I’ve done quite a few double-takes in reading the past few months over two words that sound similar, look similar, yet have quite different meanings: than and then.
Than is used for comparisons; then is used for sequences in time.
For example, which term is correct in each of the following?
- I have a lot less office space than/then you.
- She was much skinnier back than/then.
- You reacted a lot more rationally than/then I would have.
- Pumpkins tend to be bigger than/then plums.
- Summer is later than/then spring.
(Answers: than, then, than, than, then)
Than is a comparison word.
- I would rather get outside than watch TV.
- Her reports are filled with more errors than mine.
- He prefers fresh flowers from his garden more than fancy arrangements from a florist.
- How about jogging rather than walking today?
- Twenty is much less than a thousand.
- Dogs need a lot more attention than cats.
Then refers to sequences in time. It tells when something happened.
- He rinsed the dishes, then dried them, and then put them away.
- Finish studying for your test, then you can go out to play.
- I booked my flight, then checked my calendar and found a conflict.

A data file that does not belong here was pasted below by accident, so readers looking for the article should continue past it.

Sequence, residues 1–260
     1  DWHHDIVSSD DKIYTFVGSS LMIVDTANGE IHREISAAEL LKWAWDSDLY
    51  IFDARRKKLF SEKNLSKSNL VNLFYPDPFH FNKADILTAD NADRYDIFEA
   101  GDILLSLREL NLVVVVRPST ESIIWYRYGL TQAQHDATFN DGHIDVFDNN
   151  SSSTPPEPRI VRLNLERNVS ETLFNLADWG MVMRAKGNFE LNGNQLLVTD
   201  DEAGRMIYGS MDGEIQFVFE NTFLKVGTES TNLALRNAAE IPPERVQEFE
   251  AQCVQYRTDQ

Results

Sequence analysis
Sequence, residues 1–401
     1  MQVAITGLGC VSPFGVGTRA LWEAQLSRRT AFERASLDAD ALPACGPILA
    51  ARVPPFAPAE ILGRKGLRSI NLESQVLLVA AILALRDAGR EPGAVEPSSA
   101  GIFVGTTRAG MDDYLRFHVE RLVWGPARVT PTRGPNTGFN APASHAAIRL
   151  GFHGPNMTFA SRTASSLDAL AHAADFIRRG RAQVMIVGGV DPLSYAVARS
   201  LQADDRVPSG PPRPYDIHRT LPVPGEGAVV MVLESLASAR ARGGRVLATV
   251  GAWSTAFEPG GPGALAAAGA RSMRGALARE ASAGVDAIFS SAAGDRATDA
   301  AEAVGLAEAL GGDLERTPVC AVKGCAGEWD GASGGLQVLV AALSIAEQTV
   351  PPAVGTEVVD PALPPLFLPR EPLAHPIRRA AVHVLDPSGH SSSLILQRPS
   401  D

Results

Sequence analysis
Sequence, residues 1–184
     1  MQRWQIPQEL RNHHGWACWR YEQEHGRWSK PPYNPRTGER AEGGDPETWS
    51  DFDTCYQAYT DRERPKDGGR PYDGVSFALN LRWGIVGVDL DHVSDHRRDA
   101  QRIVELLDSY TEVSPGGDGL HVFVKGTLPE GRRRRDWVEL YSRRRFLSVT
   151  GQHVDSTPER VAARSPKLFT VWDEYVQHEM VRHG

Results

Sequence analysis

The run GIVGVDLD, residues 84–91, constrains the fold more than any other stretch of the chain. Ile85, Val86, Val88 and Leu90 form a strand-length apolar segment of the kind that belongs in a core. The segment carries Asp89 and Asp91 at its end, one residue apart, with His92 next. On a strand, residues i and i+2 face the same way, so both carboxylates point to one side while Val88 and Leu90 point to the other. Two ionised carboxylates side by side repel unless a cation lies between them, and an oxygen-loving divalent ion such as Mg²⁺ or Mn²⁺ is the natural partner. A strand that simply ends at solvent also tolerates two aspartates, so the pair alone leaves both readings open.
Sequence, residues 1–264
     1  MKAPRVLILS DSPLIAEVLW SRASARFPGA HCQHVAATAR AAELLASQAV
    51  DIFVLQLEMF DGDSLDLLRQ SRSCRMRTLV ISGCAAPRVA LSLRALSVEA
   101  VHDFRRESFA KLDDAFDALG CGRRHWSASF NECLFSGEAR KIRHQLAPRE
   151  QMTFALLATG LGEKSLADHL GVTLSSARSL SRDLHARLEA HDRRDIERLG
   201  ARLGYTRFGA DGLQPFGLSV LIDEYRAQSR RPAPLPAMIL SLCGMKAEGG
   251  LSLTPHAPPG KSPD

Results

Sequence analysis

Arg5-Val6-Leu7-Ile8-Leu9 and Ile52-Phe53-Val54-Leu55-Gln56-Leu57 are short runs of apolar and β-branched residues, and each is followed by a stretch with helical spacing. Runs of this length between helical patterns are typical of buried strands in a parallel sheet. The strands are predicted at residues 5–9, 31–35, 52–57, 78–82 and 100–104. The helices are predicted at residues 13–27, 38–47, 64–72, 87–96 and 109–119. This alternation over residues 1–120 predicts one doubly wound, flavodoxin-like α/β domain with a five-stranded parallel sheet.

- Her son ran into the house with muddy shoes, then looked back and saw the mess.
- Boy meets girl, boy and girl fall in love, and then they live happily ever after.
- Until then, stay where you are.
A couple of tricks that may help:
- Remember the phrase “rather than,” as it emphasizes that ‘than’ is used to compare one thing to another. Or the phrase “and then and then and then” (which is a familiar way for kids to tell a story), and it can trigger ‘sequence’.
- “Then” relates to “time” (both words have an ‘e’). “Than” is a “comparison” (both words have an ‘a’).
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Lisa J. Jackson is an independent writer and editor who enjoys working with manufacturing, software, and technology businesses of all sizes. She loves researching topics, interviewing experts, and helping companies tell their stories. You can connect with her on Twitter, Facebook, and LinkedIn.